If you have followed Fear no Project for a while, you know that I believe knowledge management is a competitive discriminator, especially in the dynamic world of software development. (See: Knowledge Management is not an Oxymoron and SharePoint 2010 – It’s not just about the technology. Because I often speak with senior managers, industry groups and boards of directors about the value of knowledge management systems, I often use real-world examples that show how KM can help, like this one from CIO:
Think of a golf caddie. Good caddies do more than carry clubs and track down wayward balls. When asked, a good caddie will give advice to golfers, such as, “The wind makes the ninth hole play 15 yards longer. ”
Accurate advice may help the caddie get a bigger tip and from the golf course owner’s
perspective, the golfer is more likely to return. Sharing caddie knowledge, based on experience, helps all caddies and the organization. In reviewing a set of white papers on KM Best Practices from KM World October 2011, here are a few key insights shared by practitioners and companies offering KM products:
- Use KM to document exceptions to standard processes
- Help staff understand how they can benefit from KM in doing their job. (this will also help motivate them to make the effort to correctly categorize and tag their documents, spreadsheets and emails.)
- Use the tools build-in to cloud-based computing to manage digital content by adding keyword properties and metadata.
- When implementing a KM system, set up milestones and measure success. If the KM project is slow to reach the desired coverage, be willing to make mid-course corrections in comprehensiveness or complexity,.
- Provide users with multiple paths to access knowledge, such as Q&A, FAQs and guided search.
When your company is considering using KM to support software engineering efforts, the “Report describing state-of-the art KM in Software Engineering” provides good background information on the subject. Here are a few more resources to checkout:
- Experience in Implementing a Learning Software Organization
- Knowledge Management in Software Engineering Environments
- Knowledge Management in Software Engineering – a research review
- Investigating Knowledge Management practices in software development organisations – An Australian experience
- Software Engineering Ontology For Software Engineering Knowledge Management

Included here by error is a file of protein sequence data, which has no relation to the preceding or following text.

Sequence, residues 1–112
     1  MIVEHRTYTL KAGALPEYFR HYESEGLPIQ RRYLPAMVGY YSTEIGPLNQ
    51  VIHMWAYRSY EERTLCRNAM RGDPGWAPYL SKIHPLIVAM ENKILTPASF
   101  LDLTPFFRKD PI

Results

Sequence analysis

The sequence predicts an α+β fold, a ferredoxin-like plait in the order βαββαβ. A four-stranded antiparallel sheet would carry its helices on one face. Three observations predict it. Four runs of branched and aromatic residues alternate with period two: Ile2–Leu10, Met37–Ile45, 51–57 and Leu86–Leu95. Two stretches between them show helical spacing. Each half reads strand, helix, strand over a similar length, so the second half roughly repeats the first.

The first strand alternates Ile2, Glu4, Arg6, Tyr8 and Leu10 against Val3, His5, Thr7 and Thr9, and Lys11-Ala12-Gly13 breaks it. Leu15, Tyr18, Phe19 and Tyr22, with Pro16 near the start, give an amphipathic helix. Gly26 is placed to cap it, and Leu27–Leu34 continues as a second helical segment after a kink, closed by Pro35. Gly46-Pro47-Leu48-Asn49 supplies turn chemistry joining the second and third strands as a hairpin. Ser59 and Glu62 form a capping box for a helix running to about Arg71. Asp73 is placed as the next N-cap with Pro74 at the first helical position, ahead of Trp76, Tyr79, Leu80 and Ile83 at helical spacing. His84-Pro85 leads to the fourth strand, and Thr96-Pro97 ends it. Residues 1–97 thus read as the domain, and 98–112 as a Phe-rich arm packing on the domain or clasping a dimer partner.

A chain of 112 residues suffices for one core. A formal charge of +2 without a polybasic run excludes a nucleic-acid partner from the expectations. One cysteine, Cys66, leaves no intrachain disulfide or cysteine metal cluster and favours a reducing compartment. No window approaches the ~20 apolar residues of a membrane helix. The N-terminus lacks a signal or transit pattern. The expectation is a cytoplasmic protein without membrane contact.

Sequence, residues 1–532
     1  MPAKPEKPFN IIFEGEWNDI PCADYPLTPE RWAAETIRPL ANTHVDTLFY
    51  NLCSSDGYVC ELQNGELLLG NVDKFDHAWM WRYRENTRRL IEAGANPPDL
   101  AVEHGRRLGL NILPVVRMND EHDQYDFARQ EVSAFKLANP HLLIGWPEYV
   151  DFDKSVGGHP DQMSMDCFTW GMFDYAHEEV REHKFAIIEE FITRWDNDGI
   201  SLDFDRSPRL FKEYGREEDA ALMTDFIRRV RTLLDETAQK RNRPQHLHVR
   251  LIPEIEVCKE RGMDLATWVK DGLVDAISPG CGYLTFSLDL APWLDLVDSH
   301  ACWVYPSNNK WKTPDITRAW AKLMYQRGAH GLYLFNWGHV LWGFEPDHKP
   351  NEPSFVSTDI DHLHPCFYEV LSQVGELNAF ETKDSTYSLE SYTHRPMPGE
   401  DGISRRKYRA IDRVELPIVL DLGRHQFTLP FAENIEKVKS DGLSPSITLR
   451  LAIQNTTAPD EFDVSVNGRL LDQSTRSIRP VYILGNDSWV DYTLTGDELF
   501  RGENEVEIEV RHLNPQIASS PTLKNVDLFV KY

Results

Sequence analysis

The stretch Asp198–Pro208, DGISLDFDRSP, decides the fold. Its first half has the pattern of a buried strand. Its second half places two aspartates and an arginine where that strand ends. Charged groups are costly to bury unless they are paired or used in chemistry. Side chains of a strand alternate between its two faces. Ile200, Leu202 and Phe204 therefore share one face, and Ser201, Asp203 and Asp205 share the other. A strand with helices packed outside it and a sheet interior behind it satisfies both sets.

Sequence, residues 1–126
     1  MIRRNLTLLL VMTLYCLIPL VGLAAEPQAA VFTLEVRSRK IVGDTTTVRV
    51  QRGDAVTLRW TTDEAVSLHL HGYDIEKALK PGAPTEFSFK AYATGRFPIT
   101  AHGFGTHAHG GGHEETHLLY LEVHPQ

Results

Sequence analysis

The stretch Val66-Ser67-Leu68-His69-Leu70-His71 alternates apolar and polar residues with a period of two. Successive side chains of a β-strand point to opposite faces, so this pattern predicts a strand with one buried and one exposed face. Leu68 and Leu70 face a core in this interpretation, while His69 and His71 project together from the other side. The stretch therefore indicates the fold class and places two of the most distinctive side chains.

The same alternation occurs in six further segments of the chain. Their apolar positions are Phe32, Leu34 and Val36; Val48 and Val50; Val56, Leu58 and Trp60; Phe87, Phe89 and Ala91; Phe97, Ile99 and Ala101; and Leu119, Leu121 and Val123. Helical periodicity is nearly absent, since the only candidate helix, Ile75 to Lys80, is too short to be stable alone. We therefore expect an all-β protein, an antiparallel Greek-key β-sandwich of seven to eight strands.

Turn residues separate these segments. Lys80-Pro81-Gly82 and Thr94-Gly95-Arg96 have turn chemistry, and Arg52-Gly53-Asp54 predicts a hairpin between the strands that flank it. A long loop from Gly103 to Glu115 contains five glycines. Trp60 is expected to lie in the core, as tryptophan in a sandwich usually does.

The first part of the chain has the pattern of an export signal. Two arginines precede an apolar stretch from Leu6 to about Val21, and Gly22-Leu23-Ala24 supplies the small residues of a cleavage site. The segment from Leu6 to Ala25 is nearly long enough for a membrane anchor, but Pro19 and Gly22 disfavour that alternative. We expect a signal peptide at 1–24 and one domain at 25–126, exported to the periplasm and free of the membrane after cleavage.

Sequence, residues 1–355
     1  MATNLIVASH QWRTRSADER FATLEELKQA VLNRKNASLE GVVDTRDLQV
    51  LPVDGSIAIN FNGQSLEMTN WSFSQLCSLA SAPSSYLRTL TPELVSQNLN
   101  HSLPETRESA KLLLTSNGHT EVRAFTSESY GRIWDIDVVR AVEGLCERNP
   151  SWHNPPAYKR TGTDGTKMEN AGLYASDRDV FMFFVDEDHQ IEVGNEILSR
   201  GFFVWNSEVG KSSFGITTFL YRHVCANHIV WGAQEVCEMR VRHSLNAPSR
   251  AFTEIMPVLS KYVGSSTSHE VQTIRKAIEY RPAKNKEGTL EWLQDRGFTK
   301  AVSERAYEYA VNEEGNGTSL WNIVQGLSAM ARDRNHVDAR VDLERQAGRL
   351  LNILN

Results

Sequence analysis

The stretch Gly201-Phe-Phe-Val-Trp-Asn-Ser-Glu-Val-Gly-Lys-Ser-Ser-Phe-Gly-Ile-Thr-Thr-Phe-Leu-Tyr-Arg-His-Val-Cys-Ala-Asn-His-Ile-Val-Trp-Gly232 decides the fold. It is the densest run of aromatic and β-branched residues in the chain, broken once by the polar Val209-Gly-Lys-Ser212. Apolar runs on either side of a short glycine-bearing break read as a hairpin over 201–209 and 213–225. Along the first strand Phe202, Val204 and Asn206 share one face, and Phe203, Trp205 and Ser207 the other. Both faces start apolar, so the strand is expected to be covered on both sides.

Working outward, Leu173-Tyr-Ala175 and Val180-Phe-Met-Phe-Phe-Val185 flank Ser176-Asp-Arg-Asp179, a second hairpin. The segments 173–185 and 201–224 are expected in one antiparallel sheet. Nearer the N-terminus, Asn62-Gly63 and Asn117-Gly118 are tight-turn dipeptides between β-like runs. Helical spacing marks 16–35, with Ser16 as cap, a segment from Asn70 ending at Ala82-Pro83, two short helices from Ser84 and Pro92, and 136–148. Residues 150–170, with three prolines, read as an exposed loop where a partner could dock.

If your organization is adopting the use of ITIL V3, you will need to address the knowledge management function under the Service Transition core strategy. ITIL suggests that knowledge management is designed to assist organizations with ensuring that the right information is available to the right person at the right time to enable that person to make an informed decision. Management decision making quality can be improved if reliable and secure data and information are available throughout the service lifecycle.
Best Practice Advice
- Start small. Setting up and maintaining a KM system can be labor intensive and you need to learn the best way to categorize and make information available for your organization.
- Remember that effectively using KM in software engineering requires a cultural change. People need to learn and adapt before a new process becomes business-as-usual.
- It helps to get professional assistance in structuring and implementing a KM system to avoid common pitfalls and ensure value added.
- Involve developers and users in creating the KM system requirements, taxonomy, topic relationships and training.
- Align the KM software engineering system with organizational strategies; use those strategies to measure progress and return on investment.
October 4, 2011 at 12:10 am
Totally agree with this. So often knowledge simply walks off site at the end of projects leaving the client bewildered and out of pocket because new arrivals have to spend hours building up their understanding. I have seen this as a huge problem in ERP implementations. But commitment with a capital K is the key to successful KM.Tenacious recording of tacit and explicit knowledge as a daily task is the only way it can really add value. Great post. Looking forward to the next one.
October 13, 2011 at 8:34 am